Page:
The attitudes of ACT Policing are in stark contrast to their NSW counterparts who are seeking an injunction in the state’s Supreme Court to stop protesters gathering in Sydney tomorrow.

Thousands of protestors gathered on the lawns of Parliament House.

Prime Minister Scott Morrison also called for protesters to not attend protests and undo the hard work Australians have done to flatten the coronavirus curve. Some protestors were wearing masks on Friday; however, the majority of those listening to speeches on the lawns of Parliament House were packed tightly around the speakers.

“Our message is very clear, that the health risks of gathering in such large numbers and the risks of people coming into close proximity are real,” Mr Morrison said.

“Let’s find a better way and another way to express these sentiments, rather than putting your own health at risk, the health of others at risk, the great gains we have been able to make as a country in recent months.

“I am not saying we do not have issues in this space that we need to deal with but the thing is we are dealing with it and we do not need to draw equivalence here … we should not be importing the things that are happening overseas to Australia.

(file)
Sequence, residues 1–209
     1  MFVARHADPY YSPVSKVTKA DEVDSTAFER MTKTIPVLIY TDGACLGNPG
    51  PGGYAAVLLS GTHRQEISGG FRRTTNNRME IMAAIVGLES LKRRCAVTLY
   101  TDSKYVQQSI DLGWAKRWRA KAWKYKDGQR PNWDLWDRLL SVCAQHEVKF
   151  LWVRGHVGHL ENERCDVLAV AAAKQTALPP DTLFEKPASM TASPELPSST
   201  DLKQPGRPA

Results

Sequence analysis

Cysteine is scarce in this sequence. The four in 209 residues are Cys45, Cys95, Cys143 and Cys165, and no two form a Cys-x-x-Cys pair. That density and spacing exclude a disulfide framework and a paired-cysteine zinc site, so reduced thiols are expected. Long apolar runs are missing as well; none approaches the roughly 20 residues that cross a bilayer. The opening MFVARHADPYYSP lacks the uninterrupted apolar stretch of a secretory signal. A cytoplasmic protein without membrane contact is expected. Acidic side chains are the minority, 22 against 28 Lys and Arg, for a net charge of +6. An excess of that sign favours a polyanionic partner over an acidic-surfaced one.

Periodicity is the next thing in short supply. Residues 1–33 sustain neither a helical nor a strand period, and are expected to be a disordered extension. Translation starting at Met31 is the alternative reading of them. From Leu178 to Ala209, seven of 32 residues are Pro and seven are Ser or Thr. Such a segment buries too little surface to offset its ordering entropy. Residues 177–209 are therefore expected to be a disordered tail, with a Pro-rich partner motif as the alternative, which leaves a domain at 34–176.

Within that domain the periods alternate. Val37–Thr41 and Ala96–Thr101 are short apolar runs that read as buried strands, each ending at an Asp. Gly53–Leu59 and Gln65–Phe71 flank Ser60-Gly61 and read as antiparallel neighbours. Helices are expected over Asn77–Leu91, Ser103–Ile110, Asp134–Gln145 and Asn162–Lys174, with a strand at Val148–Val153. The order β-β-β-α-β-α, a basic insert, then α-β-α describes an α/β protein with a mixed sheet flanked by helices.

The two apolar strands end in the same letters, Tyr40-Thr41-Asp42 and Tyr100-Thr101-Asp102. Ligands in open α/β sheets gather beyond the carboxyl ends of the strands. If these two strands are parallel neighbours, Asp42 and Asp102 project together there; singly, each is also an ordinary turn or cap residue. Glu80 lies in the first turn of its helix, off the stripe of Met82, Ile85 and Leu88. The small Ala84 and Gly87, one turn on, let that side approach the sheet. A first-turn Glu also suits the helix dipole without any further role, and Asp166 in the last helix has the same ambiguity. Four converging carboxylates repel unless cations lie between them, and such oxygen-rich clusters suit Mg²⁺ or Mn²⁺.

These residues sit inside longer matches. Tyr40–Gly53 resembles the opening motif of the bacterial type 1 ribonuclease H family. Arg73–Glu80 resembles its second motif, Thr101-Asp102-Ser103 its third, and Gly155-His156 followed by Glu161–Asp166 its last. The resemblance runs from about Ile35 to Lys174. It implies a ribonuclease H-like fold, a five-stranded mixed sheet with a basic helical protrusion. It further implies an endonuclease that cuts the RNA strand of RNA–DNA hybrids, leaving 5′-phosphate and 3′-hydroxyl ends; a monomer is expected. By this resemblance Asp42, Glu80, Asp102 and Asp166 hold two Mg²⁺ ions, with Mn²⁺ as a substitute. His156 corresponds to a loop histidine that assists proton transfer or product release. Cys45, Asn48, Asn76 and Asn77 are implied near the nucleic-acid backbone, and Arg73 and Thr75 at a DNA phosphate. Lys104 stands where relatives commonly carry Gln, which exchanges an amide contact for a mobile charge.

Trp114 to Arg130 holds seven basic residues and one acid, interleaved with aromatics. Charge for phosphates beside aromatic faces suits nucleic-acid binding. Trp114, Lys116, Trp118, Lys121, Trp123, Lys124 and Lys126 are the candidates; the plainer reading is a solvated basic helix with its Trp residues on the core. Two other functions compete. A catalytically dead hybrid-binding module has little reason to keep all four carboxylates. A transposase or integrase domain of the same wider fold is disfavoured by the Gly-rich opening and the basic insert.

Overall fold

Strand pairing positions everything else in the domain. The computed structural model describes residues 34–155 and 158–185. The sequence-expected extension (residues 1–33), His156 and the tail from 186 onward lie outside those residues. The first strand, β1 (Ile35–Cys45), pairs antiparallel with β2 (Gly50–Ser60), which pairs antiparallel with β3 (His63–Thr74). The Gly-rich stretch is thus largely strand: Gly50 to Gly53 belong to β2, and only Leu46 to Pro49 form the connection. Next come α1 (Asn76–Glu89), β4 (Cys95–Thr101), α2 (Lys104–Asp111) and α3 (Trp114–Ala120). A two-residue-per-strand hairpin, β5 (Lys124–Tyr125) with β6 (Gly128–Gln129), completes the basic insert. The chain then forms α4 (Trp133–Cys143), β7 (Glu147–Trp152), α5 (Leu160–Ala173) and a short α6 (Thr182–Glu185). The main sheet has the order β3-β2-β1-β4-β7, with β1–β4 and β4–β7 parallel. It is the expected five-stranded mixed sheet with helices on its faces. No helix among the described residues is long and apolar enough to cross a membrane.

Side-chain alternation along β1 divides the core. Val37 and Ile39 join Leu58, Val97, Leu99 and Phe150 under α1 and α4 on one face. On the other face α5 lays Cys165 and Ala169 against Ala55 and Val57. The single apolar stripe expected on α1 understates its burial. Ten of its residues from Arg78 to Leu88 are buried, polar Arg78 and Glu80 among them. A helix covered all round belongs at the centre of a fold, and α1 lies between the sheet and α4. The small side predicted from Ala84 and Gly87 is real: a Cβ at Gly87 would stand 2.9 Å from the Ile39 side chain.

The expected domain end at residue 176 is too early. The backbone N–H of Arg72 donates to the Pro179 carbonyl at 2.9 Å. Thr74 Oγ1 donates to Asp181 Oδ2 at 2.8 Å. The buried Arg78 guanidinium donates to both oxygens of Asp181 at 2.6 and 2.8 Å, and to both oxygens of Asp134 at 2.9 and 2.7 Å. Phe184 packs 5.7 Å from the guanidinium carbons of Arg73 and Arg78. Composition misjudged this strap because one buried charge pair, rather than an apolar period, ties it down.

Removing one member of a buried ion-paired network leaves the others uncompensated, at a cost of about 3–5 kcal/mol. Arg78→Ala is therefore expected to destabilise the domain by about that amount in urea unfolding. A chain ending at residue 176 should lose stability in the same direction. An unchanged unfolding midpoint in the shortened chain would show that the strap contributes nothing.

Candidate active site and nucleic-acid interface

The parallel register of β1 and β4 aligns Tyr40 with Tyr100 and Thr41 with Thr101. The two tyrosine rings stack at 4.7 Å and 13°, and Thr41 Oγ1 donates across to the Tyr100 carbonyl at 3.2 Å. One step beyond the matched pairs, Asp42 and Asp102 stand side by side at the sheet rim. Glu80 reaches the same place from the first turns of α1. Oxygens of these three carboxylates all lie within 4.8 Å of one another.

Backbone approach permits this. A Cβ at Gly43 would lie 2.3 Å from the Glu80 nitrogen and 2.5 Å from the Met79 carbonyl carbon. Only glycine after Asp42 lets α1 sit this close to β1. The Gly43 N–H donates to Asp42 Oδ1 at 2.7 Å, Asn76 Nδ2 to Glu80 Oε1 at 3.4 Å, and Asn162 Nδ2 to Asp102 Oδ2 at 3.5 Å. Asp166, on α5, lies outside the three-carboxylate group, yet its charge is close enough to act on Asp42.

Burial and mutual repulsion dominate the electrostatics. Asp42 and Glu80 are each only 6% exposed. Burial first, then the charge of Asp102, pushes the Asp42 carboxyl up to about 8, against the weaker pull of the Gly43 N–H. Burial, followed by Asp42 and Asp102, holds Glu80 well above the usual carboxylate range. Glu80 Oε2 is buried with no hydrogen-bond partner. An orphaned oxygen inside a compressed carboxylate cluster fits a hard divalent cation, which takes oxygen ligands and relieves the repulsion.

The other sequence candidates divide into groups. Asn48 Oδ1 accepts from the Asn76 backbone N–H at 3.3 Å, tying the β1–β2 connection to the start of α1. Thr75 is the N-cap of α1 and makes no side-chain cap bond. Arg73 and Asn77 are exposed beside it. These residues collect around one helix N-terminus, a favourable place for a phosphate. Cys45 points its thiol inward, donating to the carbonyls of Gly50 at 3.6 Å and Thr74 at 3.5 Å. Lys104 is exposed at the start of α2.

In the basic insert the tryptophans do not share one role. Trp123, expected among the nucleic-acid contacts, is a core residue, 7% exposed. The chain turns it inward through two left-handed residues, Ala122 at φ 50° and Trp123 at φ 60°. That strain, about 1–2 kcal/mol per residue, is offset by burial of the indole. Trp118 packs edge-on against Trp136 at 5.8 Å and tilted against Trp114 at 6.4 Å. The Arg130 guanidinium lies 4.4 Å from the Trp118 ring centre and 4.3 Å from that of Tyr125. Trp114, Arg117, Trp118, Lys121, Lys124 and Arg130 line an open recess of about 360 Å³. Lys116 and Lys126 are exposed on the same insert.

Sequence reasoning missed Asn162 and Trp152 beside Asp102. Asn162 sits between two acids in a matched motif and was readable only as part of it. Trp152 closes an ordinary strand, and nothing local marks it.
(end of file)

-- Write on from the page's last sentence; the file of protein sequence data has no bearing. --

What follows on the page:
“We should be Australians about this and deal with it our way, and we are.”

Attendees ‘taking a knee’.

However, the ACT Minister for Aboriginal and Torres Strait Islander Affairs Rachel Stephen-Smith directly contradicted the Prime Minister’s statement.

“Some have tried to brush this anguish and anger felt by Aboriginal and Torres Strait Islander people away by saying we should not import things that are happening overseas here to Australia, but the reason that people are on the streets is because this is a true experience,” she said.

“Aboriginal people are the most incarcerated people on earth and this is a matter that we should all take incredibly seriously and rededicate ourselves to addressing in any way that we can.

“Particularly in Reconciliation Week, but all the time, we need to speak the truth not only of our history but of our present day.”

And reconciliation was exactly what some of the protestors were looking for.

“We have definitely got a long way to go, it is why I am here today,” said Justin Chapman who drove all the way from Merimbula to attend.

“[I’d like to see] equality and just being there for each other to show that we do care.”

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13 Responses to Thousands gather at Parliament House to put Indigenous issues back on the agenda